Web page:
Sunday, July 26, 2009

Why are markets supposedly "stupid?"

Because that's the claim by journalists or touts who are supposedly so smart, that also missed this move!

On May 5, after the market had a great move, Mark Hulbert said this.

Commentary: Yet more evidence we're in a bear-market rally

What I found reinforces the conclusion I reached last week: There is a good possibility that the market's rise since March 9 is a bear-market rally rather than the beginning of a new bull market.

At the same time, I was calling these bears Waldos.

Now Mr. Hulbert is warning us again:
That unfortunately means that the stock market's rally can no longer count on receiving much continuing support from the sentiment data. In other words, the editor of the average short-term market timing newsletter is no less optimistic today over Dow 9,000 than he or she was about the same market level in early January -- just before the stock market was about to go over a cliff. This is not what contrarians believe should occur at major market bottoms. The typical pattern is for there to be a lot more pessimism as the market recovers from such lows than during the initial descent into those levels.

I guess that's the difference between a journalist and myself. I say it like it is. These folks love to use the word "contrarian" when its just an euphemistic way of saying they are right and the markets are stupid.

But if they said that, who would buy it? Who wants to call the markets stupid? Oh wait. Didn't we have one of the most vocal bloggers alert us of that? (Karl should really be running for political office!) And say, "Do Not Be Stupid." And what was his "misplaced" advice on Aprl 11? That if we didn't listen to his bearishness, it would be to our own peril!

So now just call yourself a contrarian, and make bad calls, and then you can continue to write about them!

Even if the calls are--wait--I won't say stupid--I'll put on the hat of a journalist--and just say even if the calls are misplaced!

And while misplacing my modifiers--too your own peril!

Because stupid is only funnier on a shirt, than on your shorts!


Gary said...

Do you expect the rally to extend much longer or higher? thanks

Palmoni said...

Both--It's the commoditization of the markets, aided and abetted by the high frequency traders who provide "liquidity" and our Government that will keep rates down--because how could they raise them?

See how China wants to dump their $2.2 trillion of our paper? Instead of selling it, they are going to help China buy resources with it around the world. Now what would happen if there were people that could cause bidding wars with China? Wouldn't prices be materially higher for the assets they purchase?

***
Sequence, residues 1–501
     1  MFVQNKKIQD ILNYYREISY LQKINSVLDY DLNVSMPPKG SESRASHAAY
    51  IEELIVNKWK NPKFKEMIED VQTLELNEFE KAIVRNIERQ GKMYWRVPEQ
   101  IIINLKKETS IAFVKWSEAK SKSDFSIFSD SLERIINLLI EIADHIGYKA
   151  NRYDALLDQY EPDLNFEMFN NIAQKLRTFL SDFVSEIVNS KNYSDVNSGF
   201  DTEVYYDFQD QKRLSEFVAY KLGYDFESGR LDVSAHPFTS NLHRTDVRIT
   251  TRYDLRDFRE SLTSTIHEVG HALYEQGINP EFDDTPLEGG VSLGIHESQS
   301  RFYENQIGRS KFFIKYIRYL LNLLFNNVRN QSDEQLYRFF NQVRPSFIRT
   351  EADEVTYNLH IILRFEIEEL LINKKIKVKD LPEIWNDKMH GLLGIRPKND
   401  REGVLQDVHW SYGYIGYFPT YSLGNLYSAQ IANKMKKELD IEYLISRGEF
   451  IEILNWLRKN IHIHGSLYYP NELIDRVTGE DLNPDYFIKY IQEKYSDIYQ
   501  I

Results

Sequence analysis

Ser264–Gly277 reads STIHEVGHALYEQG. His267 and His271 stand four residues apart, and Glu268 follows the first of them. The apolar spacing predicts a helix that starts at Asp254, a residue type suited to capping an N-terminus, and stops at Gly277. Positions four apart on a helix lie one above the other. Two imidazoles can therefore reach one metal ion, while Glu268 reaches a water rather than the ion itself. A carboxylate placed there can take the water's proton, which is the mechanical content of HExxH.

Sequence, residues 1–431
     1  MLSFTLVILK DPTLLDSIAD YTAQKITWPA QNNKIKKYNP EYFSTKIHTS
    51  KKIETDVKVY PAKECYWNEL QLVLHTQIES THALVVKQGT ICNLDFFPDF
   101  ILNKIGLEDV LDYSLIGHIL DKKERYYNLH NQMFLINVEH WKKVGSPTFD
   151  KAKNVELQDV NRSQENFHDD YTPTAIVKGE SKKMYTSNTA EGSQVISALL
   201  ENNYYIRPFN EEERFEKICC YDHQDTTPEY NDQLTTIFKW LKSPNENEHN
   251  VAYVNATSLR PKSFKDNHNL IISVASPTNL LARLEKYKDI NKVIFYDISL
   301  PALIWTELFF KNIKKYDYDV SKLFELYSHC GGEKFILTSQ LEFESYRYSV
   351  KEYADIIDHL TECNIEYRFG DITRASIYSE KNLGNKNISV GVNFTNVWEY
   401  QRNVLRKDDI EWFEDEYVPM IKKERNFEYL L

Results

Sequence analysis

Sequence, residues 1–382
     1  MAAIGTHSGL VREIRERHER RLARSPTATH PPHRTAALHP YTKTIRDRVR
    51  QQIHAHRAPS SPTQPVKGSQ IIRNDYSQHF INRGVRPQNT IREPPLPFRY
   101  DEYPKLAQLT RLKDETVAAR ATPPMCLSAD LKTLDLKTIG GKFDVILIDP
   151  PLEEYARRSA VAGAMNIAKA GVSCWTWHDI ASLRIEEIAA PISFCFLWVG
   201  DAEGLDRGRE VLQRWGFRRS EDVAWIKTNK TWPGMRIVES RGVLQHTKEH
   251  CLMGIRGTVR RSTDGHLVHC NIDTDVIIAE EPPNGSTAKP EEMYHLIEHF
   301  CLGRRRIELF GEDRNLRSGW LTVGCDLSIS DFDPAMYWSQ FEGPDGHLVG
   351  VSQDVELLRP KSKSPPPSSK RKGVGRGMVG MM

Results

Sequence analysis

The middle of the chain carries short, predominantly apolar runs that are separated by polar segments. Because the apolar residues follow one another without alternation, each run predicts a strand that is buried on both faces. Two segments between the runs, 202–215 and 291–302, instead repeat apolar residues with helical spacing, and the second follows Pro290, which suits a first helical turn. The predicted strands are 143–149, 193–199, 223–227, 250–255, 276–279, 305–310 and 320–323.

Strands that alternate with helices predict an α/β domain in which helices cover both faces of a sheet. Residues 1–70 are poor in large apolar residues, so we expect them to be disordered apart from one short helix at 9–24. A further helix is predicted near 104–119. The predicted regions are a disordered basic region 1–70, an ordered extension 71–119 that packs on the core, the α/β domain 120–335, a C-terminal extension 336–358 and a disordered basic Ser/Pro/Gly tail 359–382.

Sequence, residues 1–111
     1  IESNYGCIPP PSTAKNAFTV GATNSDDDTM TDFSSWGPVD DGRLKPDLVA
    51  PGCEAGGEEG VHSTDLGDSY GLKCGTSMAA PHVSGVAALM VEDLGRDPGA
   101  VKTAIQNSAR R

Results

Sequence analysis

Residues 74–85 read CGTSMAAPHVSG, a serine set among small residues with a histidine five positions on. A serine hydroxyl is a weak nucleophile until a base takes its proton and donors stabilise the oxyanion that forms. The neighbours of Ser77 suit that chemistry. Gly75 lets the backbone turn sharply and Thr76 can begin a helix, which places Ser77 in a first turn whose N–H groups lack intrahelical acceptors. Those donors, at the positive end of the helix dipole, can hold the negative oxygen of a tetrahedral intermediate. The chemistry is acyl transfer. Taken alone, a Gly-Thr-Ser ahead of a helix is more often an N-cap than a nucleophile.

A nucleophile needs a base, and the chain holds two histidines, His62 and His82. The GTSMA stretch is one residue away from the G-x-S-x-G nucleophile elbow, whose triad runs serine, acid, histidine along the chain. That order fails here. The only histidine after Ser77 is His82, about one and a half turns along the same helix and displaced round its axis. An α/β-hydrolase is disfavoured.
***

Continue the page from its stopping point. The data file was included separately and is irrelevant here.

Compare that with the stock market.

The HFT traders are like the daytraders in the late 90's. After Greenspan said "irrational exuberance" the market still had years of growth in front of it. Couple these billion dollar honey pots, who keep those short from covering, and who prevent the natural buyers from paying a "normal" price, it has the effect of increasing prices along all asset values for stocks.

And what can our Government do with interest rates? Raise them? And then pay more for our debt?

Doubtful--It just makes stocks a more attractive place for money.

look at Calpers. They blew up CA retirement accounts, and now they are doubling down. Why wouldn't they? We bailed out the banks, if the bet doesn't work, we'll have to bail out them.

Look at China last week--After the market doubled, they had almost 500,000 new brokerage accounts opened.

Higher prices attract liquidity, and its the same with our market.

Instead of pausing, the higher prices will attract more buying interest.

And then, Greenspan's theory, of higher equity prices, having a greater influence on people's behavior will start. And it's starting already, at the high end which starting to loosen up their purse strings.

But the market doesn't see it--because we have such a huge inventory of 1M+ homes out there,that everyone thinks that the rich are just hoarding their cash.

I see a lot of hedge funds, that have made the switch from being bearish, to bullish, because the market forced their hand.

The next stage is the realization by the pension funds that they need to switch also.

If oil, last year could go to 147, why can't we see new highs in the market next year?

And that's what I see happening.

The most dangerous position, still is to be short, but now it is even more dangerous than before.

Because now the animal spirits are returning, and soon, the bearish viewpoint will see that the wreckage in the economy will be reflected in currencies, instead of stock prices.

I think that is farther down the line, but I don't think those with bearish bets will be able to stay solvent, as this market ramps.

Just as the bear almost took down every bull; now we get the reverse.

Gary said...

OK, many thanks